Directed by: Niels Arden Opley
Written by: J. H. Wyman
Cast: Colin Farrell, Noomi Rapace, Dominic Cooper, and Terrence Howard
I brought this up in my vengeance column this week but the revenge genre is notorious for being hit or miss. Usually because it’s very easy to predict how the entire film is going to play out. For that matter, the revenge genre is quite similar to romance films. Boy meets girl, girl likes boy, boy pisses off girl, and then wins her back. Then girl kills boy for cheating on her. Sweet revenge! Anyways, my point is films revolving around a theme of vengeance are typically predictable. However, Dead Man Down is a strange addition to the mix. This is a tough film to talk about without revealing specifics, so assume there are SPOILERS from this point forward.
One of the best surprises about Dead Man Down is the fact that the trailer is incredibly misleading. It’s very rare for a film’s marketing to not give away the entire film these days. Almost every aspect of the trailer had a different scenario than what was depicted in the advertising. So I was quite pleased walking into the film and not having any clue what to expect. Major kudos to the studio for accomplishing this.
The story involves Victor (Colin Farrell), who is a rising soldier in the crime world for mobster Alphonse (Howard). Victor is one of the best men Alphonse has and is incredibly devoted to the crew. However, underneath Victor’s soul is a dark truth which begins to unravel. Victor has been working his way up the food chain to take down Alphonse. While executing his grand plan for revenge, he realizes he is being watched by Beatrice (Rapace) from a different building. Fragile as she seems, Beatrice also has a similar need for vengeance. She threatens to expose Victor to the authorities if he does not help her seek justice. The two form an unlikely friendship which brings an exploding chaos within their worlds.
One of the most terrific highlights of Dead Man Down is the performances from the film’s leads. Colin Farrell delivers a less is more approach to his role, which is almost in the same vein as Ryan Gosling in Drive. It’s one of those performances where the facial expressions handle all the talking. Noami Rapace is incredible as usual. She plays an emotionally damaged woman down to the key. My only complaint with her character in the movie does a terrible job of convincing me that her scars make her ugly. Kids throw rocks at her and call her “Monster”, when in actuality, she still looks pretty damn good. Plus, the scars on her face are not that bad. Terrence Howard doesn’t exactly break any new ground. Not that it’s a bad thing because he basically knows what persona to play best, and he executes the role just fine.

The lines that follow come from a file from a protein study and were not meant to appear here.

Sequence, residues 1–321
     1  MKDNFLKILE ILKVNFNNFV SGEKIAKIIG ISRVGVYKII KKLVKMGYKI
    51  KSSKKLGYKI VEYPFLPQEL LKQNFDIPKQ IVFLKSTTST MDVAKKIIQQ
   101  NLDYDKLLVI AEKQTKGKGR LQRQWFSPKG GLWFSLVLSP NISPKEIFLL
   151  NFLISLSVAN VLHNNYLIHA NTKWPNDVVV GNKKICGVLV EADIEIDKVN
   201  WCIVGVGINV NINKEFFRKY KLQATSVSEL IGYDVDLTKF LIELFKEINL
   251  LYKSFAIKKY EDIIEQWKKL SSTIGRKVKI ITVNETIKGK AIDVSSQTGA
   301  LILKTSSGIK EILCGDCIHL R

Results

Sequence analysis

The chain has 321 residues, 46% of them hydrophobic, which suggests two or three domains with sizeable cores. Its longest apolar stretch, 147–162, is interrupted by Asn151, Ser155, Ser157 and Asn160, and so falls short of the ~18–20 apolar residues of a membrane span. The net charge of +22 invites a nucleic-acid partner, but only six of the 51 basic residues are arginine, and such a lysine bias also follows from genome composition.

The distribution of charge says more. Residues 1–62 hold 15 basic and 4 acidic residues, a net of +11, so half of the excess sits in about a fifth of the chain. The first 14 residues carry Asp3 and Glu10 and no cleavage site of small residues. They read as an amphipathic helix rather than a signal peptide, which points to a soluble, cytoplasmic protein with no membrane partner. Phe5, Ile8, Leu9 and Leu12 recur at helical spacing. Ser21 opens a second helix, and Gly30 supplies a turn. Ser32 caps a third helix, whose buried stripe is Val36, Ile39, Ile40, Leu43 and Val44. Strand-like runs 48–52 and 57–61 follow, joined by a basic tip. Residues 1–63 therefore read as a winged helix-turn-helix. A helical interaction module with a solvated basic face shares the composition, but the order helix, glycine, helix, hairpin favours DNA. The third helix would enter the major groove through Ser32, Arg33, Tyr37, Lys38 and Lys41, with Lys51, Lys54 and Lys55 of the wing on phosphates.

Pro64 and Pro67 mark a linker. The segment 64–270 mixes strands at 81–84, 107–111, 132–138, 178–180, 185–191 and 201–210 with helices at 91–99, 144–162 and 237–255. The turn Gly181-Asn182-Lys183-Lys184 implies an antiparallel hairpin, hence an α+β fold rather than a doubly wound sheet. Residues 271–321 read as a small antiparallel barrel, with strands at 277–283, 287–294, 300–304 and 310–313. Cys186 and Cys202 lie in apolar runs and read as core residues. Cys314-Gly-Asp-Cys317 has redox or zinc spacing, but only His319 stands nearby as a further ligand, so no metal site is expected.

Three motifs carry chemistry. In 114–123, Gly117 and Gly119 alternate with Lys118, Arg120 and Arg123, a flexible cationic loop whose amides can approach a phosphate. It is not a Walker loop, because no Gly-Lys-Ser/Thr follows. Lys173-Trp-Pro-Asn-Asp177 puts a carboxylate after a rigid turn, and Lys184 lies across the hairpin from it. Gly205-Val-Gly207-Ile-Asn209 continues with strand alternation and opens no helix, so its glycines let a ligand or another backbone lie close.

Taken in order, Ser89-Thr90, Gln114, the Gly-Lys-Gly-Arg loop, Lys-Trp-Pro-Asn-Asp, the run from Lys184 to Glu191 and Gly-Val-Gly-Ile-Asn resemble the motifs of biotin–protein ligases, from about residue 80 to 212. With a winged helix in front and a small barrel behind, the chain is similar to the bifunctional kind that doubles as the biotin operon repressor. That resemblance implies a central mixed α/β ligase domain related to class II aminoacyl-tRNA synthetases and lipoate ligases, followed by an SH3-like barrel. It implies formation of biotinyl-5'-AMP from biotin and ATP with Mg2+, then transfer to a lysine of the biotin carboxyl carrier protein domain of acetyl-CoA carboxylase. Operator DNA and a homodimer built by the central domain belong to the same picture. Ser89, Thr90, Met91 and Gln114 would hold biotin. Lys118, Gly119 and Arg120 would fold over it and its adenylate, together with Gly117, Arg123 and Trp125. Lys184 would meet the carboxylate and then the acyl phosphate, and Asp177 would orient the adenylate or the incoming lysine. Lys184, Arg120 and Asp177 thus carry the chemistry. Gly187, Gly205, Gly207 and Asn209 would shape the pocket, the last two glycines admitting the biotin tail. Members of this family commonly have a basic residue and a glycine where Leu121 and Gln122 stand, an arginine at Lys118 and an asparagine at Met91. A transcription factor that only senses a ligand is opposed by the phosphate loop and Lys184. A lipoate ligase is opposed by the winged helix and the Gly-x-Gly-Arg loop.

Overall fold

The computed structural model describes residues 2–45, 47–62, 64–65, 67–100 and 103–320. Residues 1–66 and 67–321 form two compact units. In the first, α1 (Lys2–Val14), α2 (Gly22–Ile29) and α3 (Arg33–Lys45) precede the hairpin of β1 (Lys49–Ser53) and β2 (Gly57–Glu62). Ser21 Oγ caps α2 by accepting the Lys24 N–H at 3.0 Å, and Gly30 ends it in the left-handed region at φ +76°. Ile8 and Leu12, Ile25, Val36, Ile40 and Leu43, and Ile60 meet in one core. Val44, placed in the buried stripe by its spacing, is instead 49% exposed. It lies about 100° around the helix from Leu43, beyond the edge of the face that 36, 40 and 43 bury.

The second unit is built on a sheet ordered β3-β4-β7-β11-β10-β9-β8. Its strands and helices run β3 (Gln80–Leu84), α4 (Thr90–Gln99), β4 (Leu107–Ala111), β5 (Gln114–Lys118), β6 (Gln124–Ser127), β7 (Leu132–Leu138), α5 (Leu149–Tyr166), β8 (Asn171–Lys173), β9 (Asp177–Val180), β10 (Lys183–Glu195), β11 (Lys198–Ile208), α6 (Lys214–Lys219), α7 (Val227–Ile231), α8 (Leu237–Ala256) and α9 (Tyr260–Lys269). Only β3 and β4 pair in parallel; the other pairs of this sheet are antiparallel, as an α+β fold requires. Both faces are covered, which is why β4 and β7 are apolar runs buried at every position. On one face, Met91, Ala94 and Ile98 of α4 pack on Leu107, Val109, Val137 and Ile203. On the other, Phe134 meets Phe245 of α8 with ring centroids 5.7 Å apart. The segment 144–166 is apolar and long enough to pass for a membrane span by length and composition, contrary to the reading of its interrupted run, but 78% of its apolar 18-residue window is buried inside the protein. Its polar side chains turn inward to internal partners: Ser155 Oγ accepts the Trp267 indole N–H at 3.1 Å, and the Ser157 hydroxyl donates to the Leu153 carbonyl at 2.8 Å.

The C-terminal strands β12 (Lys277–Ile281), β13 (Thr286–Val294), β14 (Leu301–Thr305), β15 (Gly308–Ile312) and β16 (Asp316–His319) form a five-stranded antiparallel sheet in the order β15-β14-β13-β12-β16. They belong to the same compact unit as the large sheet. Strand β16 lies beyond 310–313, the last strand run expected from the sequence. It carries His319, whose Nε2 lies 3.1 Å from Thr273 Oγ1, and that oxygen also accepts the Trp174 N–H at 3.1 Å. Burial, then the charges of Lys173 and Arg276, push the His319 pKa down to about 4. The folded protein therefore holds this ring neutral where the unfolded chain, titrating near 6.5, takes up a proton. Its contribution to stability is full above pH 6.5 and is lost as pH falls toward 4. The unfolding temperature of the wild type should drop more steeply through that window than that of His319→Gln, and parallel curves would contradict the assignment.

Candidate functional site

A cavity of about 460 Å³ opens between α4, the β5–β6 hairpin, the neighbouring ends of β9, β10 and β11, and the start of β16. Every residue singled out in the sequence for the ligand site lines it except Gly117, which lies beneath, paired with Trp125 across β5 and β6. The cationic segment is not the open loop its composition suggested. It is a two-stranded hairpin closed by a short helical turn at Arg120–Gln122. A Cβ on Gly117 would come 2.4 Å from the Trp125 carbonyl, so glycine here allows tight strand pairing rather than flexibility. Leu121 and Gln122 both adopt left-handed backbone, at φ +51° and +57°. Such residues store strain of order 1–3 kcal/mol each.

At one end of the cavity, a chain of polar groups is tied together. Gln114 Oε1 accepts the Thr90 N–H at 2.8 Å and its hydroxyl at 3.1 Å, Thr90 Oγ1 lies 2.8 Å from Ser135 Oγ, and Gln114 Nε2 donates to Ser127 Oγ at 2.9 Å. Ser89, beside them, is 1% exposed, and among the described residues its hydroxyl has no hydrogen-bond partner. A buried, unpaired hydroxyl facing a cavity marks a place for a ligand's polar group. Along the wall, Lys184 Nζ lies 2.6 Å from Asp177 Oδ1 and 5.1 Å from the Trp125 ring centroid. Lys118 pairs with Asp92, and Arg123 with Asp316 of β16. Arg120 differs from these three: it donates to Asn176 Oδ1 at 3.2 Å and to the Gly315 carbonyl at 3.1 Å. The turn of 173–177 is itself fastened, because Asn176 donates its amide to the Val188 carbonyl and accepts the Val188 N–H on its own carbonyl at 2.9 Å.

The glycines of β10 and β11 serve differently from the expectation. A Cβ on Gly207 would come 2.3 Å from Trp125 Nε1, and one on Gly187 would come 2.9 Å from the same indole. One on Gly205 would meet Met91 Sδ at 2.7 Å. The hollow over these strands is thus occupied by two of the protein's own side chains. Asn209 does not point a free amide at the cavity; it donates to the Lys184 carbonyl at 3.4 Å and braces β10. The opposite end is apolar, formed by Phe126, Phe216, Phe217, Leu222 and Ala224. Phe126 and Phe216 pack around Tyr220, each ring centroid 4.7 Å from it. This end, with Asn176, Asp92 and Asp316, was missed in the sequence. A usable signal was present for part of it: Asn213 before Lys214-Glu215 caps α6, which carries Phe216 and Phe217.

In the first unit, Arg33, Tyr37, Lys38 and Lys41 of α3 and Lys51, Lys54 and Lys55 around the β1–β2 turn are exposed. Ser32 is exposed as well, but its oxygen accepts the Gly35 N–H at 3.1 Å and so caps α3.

The score, which was composed by Jacob Groth is quite excellent. It delivers such a strange atmosphere to the movie. I’ve never heard a score create a sense of anxiety while filling my heart with emotion all at once. At least not for a long time. If anything, it damn near elevates the dry material to greatness as the story unfolds. The film definitely has major issues, however, I do not believe it’s due to the direction of Niels Arden Opley, who directed the French version of The Girl with the Dragon Tattoo. This is one of the cases where a crappy screenplay is somewhat improved by a director. Sadly, Opley could only do so much with what he is given.
The largest downfall in Dead Man Down is the lackluster finale. which is completely generic in comparison to the rest of the film. The screenplay sets up so may great possibilities, only not to fully realize them by the time it reaches the finish. It is an ending undeserving to the story, and to its audience. There was a lot of potential to take the conclusion to a fresher place and it did not happen. Bottom line, J. H. Wyman’s script needed another draft before fast-tracking into production.
Dead Man Down is not a terrible film by any means. In fact, I would argue that there is plenty of reasons to watch it, just not in a theater. If you like revenge films regardless of their predictability, then you will enjoy this one also. Everyone else will be left wanting by its lazy conclusion. My recommendation to those people is to wait for it on DVD/Blu-Ray.by